Michelle (Rachel) and Chris Colfer (Kurt) sing 'Ding Dong The Witch Is Dead' managed to melt
away all my troubles and makes my heart soar. Storyline, glitter attacks and purple pianos aside, I
can't help but feel glad that Glee is back.
Goodbye Sirens
Channel 4's newest comedy-drama didn't get the neurons firing, but did put a few fractures in my
funnybone.

Luke, thecustardtv's editor, wasn't sure about Sirens: "I couldn't work out who it was for". But Luke
wasn't the only one: the Telegraph called it 'a hellish mess' and Metro also thought it needed
tidying up. As an avid fan, I took another look over the first few episodes and found it far from
wanting.

Sirens is a lot less clever than its sometimes smug characters


think they are, but it suffers from comparisons with similar
workplace comedies like Teachers and No Angels. There's
hardly a dearth of medical programming at the moment, with
Channel 4 itself putting out Embarrassing Bodies, 24 hours in
A & E and stalwarts Casualty and Holby City on the BBC.
No Angels and Green Wing were a hit for Channel 4 and so
Sirens seemed set to follow in their footsteps. Although Green
Wing was funny, it suffered in some quarters for its surrealism
which is why, by comparison, Sirens looks like Green Wing on anti-psychotics.

Stuart, Ashley and Rachid are paramedics. Rachid is the newbie, keen to impress the old hands
and often failing, perhaps best exemplified in his offence at one man's 'TMI' rundown of the pros
and cons of fun with a carrot and why he's likely to need the help of a proctologist. Stuart is stoic, a
self-styled maverick, desperate to prove he's higher than the basic emotions that normal
paramedics are victim to and unaffected by his 'barren' nether regions. Ashley is sweet; private yet
kinky, experimenting with bondage with a short-lived beau.

Episode one, 'up, horny, down' was brave in examining


post-traumatic stress disorder, a subject which is rarely
talked about, despite it being endemic in the emergency
services. Rachid considered his mortality by proposing to
his girlfriend and Ashley, keen to avoid carpopedal spasm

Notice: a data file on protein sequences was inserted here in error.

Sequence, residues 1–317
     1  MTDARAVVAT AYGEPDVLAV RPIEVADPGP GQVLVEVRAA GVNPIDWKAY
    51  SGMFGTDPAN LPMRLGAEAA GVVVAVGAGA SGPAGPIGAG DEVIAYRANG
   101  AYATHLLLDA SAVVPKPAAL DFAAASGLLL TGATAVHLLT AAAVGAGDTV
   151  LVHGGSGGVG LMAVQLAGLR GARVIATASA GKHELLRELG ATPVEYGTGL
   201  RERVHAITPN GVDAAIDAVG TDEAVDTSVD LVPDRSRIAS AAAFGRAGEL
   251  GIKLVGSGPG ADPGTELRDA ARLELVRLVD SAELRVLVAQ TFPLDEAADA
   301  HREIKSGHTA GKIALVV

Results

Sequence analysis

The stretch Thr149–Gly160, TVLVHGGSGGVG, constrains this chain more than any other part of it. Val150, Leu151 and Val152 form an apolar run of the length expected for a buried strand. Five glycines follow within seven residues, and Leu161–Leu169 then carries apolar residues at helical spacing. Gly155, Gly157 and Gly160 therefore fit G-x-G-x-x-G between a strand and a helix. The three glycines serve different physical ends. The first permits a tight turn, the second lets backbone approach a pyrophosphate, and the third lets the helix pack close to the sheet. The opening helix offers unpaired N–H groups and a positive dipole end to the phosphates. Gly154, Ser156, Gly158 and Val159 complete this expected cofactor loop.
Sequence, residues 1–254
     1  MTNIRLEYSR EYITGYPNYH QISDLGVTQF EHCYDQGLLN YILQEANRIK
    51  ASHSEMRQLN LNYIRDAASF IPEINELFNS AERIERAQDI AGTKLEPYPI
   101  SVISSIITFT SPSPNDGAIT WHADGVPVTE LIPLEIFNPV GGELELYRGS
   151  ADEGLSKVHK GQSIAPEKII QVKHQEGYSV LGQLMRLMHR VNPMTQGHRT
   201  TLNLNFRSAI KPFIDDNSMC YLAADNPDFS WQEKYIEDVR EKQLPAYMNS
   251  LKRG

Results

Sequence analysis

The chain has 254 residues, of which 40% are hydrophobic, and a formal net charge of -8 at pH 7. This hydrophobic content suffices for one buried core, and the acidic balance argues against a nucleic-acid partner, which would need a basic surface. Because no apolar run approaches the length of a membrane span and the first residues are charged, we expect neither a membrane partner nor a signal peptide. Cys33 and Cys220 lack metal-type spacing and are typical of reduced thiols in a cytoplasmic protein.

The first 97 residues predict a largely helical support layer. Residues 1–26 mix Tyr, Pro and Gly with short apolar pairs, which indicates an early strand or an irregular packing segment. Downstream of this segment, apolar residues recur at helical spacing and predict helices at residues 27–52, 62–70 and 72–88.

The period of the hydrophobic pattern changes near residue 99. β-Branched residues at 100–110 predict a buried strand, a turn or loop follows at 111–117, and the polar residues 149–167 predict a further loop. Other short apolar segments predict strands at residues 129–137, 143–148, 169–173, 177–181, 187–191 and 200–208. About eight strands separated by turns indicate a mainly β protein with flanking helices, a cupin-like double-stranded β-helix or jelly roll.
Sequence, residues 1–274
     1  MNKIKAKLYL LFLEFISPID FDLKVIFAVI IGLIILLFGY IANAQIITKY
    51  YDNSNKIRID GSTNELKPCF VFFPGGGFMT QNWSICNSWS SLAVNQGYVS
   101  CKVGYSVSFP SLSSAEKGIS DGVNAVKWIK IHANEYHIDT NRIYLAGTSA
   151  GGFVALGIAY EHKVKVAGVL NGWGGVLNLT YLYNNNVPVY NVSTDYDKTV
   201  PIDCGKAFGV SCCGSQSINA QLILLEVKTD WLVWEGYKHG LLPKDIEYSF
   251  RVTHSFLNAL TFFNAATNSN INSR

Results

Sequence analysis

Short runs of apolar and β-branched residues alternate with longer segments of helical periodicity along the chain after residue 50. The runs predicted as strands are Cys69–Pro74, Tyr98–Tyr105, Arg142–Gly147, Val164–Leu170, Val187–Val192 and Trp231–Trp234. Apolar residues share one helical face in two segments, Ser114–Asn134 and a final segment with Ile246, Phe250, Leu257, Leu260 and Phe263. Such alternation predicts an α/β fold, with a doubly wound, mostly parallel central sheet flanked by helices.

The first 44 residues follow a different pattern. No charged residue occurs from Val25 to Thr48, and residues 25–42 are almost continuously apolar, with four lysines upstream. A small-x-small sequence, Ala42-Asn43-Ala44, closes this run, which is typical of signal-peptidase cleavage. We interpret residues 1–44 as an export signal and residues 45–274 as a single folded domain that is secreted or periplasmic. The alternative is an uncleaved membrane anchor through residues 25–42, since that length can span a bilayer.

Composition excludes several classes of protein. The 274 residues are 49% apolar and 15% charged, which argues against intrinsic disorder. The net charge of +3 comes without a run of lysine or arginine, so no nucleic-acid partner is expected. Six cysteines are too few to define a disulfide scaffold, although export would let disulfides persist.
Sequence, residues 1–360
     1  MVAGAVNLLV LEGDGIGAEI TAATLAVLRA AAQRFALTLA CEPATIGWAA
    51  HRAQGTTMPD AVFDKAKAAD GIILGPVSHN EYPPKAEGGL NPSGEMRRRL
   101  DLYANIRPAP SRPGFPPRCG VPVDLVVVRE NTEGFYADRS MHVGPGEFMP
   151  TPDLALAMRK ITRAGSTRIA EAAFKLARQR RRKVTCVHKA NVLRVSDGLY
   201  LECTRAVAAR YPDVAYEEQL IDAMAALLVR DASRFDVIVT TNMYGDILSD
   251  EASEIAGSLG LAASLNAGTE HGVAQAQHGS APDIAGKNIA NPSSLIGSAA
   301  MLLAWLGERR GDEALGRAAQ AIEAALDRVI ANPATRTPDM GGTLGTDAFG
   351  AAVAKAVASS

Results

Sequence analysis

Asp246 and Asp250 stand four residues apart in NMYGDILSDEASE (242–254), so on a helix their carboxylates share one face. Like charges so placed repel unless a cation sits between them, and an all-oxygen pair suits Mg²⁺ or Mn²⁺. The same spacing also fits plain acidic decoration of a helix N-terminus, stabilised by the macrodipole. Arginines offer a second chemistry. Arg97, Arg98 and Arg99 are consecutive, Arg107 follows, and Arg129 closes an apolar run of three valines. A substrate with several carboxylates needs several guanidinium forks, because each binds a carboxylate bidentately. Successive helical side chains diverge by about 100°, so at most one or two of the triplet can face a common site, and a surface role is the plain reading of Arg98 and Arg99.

(or wrist sprain), came unstuck when he ventured online
to order a mail-order man to satisfy the aforementioned
'horny' symptoms. Stuart was keen to ignore his feelings,
rallying against them by visiting policewoman and friend
Maxine, a woman whose death gaze you wouldn't want
pointed in your direction. Even though Maxine was
insulted that Stuart had come over to her place to escape
sexual temptation, we also saw the relationship between
the two was gentle and loving: a direction that continued
through their story arc. Later in the series we see
Maxine's heart (and ego) massaged by Stuart to ensure
her and fireman Craig's relationship got off to a good
start. But Stuart clearly holds more than a tealight for
Maxine and this seems like the first two angles of a love
triangle ready for the next series.

Other potential continuing storylines are Stuart's fractured


relationship with his estranged dad, Rachid's troubled
past and Ashley's potential lust for Stuart, who he secretly chose as his ICE (In Case of
Emergency) contact.
Sirens is based on Tony Bagsgallop's blog, a comedy drama for the new media generation, but it
hasn't lost any quality you'd attribute to a professional writer. Sirens reminds me of the Guardian's
'What I'm really thinking' column: a seemingly honest portrayal of the emergency services -
sometimes fun, sometimes serious and always with a dark thread of potential menace and danger
running through it.

Sirens keeps the bloodstream of comedy pumping throughout its six episodes, with a saline drip of
pure drama. But will it be back for a second series, or will it, like the ailing NHS, suffer from
haemmorhaging TV viewers and be put down? This reviewer hopes the waiting times won't be too
long to find out.